Yesterday, we did “DT” in our Competitor program.
It’s one of the few legitimate “Hero” workouts that is actually a good test of different skills and modalities of fitness. Are you proficient at barbell cycling? How well developed is your grip and posterior chain endurance? These are but a few metrics that this workout measures.
Today’s post isn’t about “DT” or any workout for that matter. Rather, this post is a friendly reminder that in order to see the value in ALL of your workouts, you need to keep a training log.
Here are three major reasons why you need to start being diligent recording your workouts:
- Measures progress. This is a no brainer. Yesterday I was able to PR my DT time by almost two minutes. How do I know that? It’s because I have been recording my workouts religiously since 2012! I have about 5 old training logs with all of my workouts. It is incredibly rewarding to see how far I have come. Old 1 rep max attempts are now 5 rep maxes. PR times in previously performed conditioning workouts are now “paced efforts”. A training log becomes incredibly valuable when we have a stretch of training that is bad, too. When you are struggling with making gains in the gym for a stretch, and you will struggle from time to time, you need only look back on how far you have come. By measuring progress, we gain perspective and come to appreciate the journey in our training, not just the destination.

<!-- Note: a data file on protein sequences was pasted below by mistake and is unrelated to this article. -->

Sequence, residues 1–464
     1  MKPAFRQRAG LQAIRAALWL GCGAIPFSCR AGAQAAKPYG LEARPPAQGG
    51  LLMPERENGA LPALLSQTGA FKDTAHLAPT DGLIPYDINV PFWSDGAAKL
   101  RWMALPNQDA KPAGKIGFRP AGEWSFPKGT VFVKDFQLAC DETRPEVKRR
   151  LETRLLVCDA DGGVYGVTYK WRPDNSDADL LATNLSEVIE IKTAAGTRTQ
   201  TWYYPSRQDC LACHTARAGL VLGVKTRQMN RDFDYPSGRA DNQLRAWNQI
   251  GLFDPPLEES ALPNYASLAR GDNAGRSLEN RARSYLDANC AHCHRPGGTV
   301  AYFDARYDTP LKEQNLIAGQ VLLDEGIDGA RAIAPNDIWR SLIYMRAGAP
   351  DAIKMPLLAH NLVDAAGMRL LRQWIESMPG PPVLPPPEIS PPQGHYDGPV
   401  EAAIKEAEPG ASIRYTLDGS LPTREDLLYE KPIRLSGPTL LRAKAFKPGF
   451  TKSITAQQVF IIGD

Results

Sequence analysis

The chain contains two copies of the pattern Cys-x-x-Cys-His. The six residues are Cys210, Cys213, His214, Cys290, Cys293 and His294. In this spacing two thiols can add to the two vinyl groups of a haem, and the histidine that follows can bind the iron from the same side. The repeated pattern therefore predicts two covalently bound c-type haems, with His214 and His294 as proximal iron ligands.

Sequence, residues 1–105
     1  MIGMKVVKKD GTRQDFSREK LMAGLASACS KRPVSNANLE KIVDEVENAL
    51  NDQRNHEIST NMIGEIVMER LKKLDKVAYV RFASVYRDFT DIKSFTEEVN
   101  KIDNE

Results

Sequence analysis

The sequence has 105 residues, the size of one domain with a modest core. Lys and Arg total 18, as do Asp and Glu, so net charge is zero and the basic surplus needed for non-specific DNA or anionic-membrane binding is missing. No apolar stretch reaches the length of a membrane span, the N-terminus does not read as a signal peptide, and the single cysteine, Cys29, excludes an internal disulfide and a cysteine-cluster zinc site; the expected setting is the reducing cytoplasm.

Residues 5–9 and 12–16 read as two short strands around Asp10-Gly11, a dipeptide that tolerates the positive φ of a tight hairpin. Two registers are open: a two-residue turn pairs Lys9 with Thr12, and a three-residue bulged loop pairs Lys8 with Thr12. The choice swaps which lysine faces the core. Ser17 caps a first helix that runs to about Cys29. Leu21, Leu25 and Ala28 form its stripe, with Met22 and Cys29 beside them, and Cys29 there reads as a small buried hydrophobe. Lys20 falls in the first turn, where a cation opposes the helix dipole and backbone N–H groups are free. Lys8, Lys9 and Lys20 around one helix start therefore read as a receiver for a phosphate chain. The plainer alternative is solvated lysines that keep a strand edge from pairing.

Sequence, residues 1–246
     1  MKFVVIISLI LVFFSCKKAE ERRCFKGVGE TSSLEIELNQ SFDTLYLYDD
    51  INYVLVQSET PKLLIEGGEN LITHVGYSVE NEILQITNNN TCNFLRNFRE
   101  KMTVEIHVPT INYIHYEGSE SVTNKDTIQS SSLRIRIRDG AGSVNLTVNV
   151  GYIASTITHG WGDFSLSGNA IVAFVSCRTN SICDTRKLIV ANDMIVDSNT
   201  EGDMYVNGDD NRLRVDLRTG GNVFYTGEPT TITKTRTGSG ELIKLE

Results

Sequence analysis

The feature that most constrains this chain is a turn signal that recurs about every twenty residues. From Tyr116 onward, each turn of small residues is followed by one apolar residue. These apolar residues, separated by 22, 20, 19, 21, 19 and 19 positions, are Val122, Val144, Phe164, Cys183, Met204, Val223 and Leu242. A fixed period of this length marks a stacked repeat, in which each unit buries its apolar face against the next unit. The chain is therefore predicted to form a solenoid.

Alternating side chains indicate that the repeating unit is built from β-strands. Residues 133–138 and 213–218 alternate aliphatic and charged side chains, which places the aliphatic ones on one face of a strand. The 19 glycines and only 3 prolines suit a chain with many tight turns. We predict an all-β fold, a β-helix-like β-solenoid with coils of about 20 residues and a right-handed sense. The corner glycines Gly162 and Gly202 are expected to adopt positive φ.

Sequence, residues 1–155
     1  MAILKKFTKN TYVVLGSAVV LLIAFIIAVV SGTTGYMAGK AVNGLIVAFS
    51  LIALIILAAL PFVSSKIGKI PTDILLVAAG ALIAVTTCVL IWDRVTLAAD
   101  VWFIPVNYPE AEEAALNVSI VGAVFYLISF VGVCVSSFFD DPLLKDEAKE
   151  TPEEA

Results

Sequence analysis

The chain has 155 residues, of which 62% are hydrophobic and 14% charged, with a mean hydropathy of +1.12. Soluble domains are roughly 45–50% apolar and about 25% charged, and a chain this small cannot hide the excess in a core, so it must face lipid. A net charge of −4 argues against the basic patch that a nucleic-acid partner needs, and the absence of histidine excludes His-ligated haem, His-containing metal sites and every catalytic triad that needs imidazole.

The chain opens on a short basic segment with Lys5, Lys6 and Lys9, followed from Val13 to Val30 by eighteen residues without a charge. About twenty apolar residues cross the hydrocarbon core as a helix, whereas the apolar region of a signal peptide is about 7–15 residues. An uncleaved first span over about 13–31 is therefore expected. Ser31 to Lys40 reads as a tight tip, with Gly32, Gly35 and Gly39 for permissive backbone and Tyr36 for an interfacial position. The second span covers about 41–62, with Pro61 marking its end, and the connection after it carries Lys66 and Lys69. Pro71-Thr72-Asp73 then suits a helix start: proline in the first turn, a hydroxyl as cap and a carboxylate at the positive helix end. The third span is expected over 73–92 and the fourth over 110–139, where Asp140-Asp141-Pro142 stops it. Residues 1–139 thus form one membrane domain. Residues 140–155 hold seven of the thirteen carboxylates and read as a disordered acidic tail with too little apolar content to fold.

- Goal setting and accountability. At the beginning of each new log, I like to write a recap of things that have happened so far as well as write down my goals for the next cycle of training. I know that when I don’t train, I can look back in my log and see my goals staring me right in the face. It’s a great motivational tool. “You don’t feel like training today or for a few days? That training log is sure going to have a gaping hole in it.” Nobody said that improving one’s health or athletic performance would be easy, and God knows that lots of solid training can be downright hellish. However, what is even worse is looking back on prognosticated goals and then seeing empty pages in the training log.
- Self analysis and discovery. My log includes not just my training results, but also notes about sleep habits, food intake (in some cases), stress levels, and other ramblings throughout the week. Writing seemingly trivial things down on paper for later assessment has amazing potential for not only improving training, but also learning to manage what really matters: life. For example, you had a really bad workout on Monday. Why? If you kept a detailed record of some events happening in your week, maybe you were really stressed out from a relationship that you are just now realizing you need to escape. Maybe you drank a lot on the weekends. You then notice that you always have bad workouts on Monday. You then also notice that you are always getting drunk on the weekends. By having a record, you notice patterns and allow yourself the space to start asking questions about your life. Do you value alcohol/drugs/greasy food more than your health, etc? You can’t escape reality if it is staring you back in the face each and every day.
A training log is a valuable tool that every athlete needs to keep. If you are serious about your long term health and/or athletic performance, training logs allow us to chart a path towards future growth and remind us about how far we have come.
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